Out of these three, which will lower the temperature of water+ice the lowest?
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  5. #4  
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    Adding a solute to water lowers the freezing point (also raises the boiling point) of that solution because its allows for less contact between H2O molecules. Freezing point depression is a colligative property which means that it depends on the number of particles that dissociate rather than the mass or nature of the particle.

    Change in freezing temp = Kf x molality of solute x i

    Kf is a constant for the solvent
    i is the Van't Hoff factor or how many particles the solute dissolves into (sugar would be 1 NaCl would be 2)

    So if you're comparing equimolal concentrations of the compounds you listed and since Kf is constant, the more particles the solute dissolves into, the lower the freezing temperature.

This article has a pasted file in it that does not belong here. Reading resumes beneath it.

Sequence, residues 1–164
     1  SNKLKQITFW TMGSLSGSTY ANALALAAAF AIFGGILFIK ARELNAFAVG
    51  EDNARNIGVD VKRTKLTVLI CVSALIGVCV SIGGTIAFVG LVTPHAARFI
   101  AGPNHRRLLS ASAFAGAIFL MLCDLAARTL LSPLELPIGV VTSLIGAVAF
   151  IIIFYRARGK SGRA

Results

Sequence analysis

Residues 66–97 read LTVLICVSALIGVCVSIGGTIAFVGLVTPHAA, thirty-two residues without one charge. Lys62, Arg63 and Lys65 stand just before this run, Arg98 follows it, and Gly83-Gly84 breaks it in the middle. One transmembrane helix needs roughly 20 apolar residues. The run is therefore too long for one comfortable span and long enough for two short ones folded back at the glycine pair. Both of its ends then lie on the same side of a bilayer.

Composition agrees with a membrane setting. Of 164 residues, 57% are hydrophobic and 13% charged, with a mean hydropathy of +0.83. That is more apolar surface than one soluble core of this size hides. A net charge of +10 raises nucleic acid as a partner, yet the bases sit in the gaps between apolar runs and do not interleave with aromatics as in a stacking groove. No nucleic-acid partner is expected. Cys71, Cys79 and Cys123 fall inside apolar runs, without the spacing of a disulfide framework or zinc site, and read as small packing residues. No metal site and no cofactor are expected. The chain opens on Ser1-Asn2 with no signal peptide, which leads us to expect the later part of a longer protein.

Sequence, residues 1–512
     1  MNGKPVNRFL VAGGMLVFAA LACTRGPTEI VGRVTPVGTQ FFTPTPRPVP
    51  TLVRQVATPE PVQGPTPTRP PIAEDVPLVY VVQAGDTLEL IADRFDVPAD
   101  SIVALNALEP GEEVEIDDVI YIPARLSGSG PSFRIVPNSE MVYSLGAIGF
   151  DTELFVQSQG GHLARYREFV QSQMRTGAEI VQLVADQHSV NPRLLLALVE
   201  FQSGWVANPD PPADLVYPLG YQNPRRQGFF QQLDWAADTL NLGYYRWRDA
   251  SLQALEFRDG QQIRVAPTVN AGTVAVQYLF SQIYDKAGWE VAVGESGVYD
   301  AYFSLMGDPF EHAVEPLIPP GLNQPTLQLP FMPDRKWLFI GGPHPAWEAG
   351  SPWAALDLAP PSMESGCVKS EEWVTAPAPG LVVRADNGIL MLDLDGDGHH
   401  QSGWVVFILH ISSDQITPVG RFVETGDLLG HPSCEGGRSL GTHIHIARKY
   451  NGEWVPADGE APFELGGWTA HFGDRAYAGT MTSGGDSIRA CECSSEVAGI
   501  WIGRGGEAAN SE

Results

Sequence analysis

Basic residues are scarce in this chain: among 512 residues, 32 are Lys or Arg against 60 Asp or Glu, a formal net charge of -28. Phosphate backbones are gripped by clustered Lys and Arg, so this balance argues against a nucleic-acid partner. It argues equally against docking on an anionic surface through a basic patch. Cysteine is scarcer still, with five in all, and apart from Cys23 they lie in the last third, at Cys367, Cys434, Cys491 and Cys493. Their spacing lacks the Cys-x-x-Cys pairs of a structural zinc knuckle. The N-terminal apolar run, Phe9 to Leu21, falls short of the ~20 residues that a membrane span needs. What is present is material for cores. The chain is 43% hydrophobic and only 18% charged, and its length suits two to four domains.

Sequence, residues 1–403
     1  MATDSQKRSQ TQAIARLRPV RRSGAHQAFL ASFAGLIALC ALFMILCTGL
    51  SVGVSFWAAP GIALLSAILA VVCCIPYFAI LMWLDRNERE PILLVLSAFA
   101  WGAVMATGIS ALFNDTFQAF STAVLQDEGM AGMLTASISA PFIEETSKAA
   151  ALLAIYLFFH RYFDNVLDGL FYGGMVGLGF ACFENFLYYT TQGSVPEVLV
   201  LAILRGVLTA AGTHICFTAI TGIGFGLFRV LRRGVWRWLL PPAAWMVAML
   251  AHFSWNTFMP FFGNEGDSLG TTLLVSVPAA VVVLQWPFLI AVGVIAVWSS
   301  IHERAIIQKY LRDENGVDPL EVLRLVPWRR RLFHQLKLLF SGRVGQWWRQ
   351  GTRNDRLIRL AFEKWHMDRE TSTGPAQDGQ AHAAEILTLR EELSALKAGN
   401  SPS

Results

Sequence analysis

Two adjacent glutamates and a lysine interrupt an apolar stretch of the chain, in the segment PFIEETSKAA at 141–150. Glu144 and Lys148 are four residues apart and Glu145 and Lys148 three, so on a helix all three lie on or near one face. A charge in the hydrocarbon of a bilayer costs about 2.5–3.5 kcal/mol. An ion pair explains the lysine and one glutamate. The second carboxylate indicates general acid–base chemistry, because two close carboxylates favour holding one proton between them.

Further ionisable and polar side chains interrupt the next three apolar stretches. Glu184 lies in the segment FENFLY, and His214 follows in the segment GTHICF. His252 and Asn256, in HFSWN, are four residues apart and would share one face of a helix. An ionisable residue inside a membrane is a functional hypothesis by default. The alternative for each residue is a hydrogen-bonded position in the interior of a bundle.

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  6. #5  
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    Quote Originally Posted by rancidchickn
    Adding a solute to water lowers the freezing point (also raises the boiling point) of that solution because its allows for less contact between H2O molecules. Freezing point depression is a colligative property which means that it depends on the number of particles that dissociate rather than the mass or nature of the particle.

    Change in freezing temp = Kf x molality of solute x i

    Kf is a constant for the solvent
    i is the Van't Hoff factor or how many particles the solute dissolves into (sugar would be 1 NaCl would be 2)

    So if you're comparing equimolal concentrations of the compounds you listed and since Kf is constant, the more particles the solute dissolves into, the lower the freezing temperature.